- What is a real estate syndication?
- How does a real estate syndication work?
- Why should I invest in a syndication deal?
- What would an example real estate syndication look like?
A REAL ESTATE SYNDICATION – WHAT’S THAT?Starting with the basics. The term “syndication” means pooling resources. A real estate syndication is when a group of people pool their funds and expertise to invest in a real estate asset together. Instead of buying a bunch of small properties individually, the group comes together and buys a larger asset. Let’s pretend you have $50,000 for investing beyond other savings and retirement funds. You could invest it in an individual rental property, but that would also require time to find a property, negotiate the contract, do the inspections, run the numbers, get the loan, plus find the tenant, and manage the property. But, likely, you don’t have the time or energy to deal with such an obligation. This is where most people assume real estate investing is too hard and too much work, so they stop there. Real estate syndications are the alternative that allows you to still put your money into real estate without having to do the work of finding or managing the property yourself. Instead, you can invest that $50,000 into a real estate syndication as a passive investor. So, you contribute $50,000; a friend has another $50,000 to invest, someone else puts in $100,000, and on and on. By pooling resources, the group would now have enough to buy not just a rental property but something more significant, like an apartment building. As a passive investor, you don’t have to do any work managing the property. A lead syndicator or sponsor team does the day-to-day management (i.e., all the active work), and in return, they get a small share of the profits. When done right, real estate syndications are a win-win for everyone involved.
HOW DOES A SYNDICATION DEAL WORK?Now you’re interested in the “behind the scenes” details of syndications to see how this all shakes out. First off, two main groups of people come together to form a real estate syndication: the general partners and the limited partner (i.e., passive investors). The prior section mentioned a team that would take care of all day-to-day management (so you don’t have to!) in exchange for a small share of the profits. That syndication team is made up of general partners (GPs). They do all the legwork of finding and vetting the property and creating the business plan. Essentially, they do the work you would do as the owner and landlord of a rental property, just on a massive scale. The limited partners (LPs) are the passive investors (like you) who invest their money into the deal. The limited partners have no active responsibilities in managing the asset. A real estate syndication can only work when general and limited partners come together. The general partners find a great deal and put together an efficient team to execute the intended business plan. The limited partners invest their personal capital into the deal, making it possible to acquire the property and fund the renovations. Together, the general partners and limited partners join an entity (usually an LLC), holding the underlying asset. Because the LLC is a pass-through entity, you get the tax benefits of direct ownership. Once the deal closes, the general partners work closely with the property management team to improve the property according to the business plan. During this time, the limited partner investors receive regular and ongoing cash flow distribution checks (usually every quarter). Once all the planned renovations are complete, the general partners sell the property, return the limited partners’ capital and split the profits.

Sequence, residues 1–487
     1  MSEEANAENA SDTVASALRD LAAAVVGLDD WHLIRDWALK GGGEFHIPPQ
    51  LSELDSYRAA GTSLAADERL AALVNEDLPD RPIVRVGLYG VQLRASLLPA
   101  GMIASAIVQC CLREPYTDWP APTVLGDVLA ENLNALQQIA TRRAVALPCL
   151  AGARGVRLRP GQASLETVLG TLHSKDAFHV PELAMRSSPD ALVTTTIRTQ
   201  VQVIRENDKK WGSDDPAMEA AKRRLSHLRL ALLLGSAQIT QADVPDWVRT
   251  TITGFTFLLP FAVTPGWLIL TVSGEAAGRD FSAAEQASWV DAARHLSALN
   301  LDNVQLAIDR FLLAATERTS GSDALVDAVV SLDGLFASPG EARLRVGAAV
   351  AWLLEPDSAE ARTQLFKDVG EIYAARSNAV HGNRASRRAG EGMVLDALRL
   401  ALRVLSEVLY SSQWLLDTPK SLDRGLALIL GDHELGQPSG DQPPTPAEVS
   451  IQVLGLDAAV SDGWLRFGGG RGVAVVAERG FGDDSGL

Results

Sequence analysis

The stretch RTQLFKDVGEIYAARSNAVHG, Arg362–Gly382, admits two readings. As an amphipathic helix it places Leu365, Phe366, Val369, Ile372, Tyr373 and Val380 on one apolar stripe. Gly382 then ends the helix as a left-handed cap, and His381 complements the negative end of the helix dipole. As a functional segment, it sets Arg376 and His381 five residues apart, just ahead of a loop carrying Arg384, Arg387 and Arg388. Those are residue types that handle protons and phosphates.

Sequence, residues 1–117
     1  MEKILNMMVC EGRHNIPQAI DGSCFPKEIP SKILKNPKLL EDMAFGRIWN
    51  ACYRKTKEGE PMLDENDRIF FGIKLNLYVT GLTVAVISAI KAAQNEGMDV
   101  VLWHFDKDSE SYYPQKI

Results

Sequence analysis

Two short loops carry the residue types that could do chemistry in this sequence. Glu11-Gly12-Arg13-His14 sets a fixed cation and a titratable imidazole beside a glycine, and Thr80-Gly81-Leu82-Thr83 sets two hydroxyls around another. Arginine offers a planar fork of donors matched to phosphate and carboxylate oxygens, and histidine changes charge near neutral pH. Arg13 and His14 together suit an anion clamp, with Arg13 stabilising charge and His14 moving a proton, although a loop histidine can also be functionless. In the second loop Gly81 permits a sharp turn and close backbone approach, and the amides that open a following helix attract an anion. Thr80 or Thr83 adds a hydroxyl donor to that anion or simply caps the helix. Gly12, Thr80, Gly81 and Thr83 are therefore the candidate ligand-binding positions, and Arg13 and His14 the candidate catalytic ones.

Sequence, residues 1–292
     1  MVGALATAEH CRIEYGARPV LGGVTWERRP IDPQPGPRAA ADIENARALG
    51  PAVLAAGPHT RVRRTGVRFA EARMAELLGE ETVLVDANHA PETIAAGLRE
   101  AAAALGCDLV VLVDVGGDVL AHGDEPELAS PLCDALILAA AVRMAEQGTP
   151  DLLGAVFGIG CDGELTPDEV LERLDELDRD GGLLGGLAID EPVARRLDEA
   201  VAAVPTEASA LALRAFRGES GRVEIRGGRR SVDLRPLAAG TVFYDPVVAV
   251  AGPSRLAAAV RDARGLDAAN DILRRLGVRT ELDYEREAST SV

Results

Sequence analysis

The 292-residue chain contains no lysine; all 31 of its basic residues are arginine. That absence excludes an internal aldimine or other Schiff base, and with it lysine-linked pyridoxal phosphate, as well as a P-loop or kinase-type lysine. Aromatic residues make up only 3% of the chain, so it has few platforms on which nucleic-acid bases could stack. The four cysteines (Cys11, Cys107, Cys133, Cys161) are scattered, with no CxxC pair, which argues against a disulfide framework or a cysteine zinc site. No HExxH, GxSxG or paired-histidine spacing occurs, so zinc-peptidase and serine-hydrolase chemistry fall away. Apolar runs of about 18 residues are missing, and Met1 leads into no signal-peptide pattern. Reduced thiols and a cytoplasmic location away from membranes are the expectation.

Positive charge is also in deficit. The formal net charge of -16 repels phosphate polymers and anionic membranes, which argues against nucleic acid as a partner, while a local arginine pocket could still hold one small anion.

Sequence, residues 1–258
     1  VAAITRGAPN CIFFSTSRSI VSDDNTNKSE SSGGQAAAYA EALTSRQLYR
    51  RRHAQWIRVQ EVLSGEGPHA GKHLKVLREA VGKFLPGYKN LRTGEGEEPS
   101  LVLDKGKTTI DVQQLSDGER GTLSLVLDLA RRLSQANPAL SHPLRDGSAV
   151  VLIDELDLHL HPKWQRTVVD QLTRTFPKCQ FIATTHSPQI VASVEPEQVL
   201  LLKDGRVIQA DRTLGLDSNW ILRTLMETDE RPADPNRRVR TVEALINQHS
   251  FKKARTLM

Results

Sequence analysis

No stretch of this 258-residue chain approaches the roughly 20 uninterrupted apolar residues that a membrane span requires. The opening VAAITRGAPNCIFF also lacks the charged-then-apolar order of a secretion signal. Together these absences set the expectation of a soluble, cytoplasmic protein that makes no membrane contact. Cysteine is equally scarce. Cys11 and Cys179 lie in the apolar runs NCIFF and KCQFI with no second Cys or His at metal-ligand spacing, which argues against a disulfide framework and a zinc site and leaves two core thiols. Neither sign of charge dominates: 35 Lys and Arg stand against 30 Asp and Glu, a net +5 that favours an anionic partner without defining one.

WHY SHOULD YOU INVEST IN A SYNDICATION?Okay, now that you’ve got a decent understanding of how real estate syndications work, let’s talk about what’s in it for you. There are several reasons passive investors decide to invest in real estate syndications. Here are a few of the top reasons:
- You want to invest in real estate but don’t have the time or interest in being a landlord.
- You want to invest in physical assets (instead of paper assets, like stocks).
- You want to invest in something more stable than the stock market.
- You want the tax benefits that come with investing in real estate.
- You want to receive regular cash flow distribution checks.
- You want to invest with your retirement funds.
- You want your money to make a difference in local communities.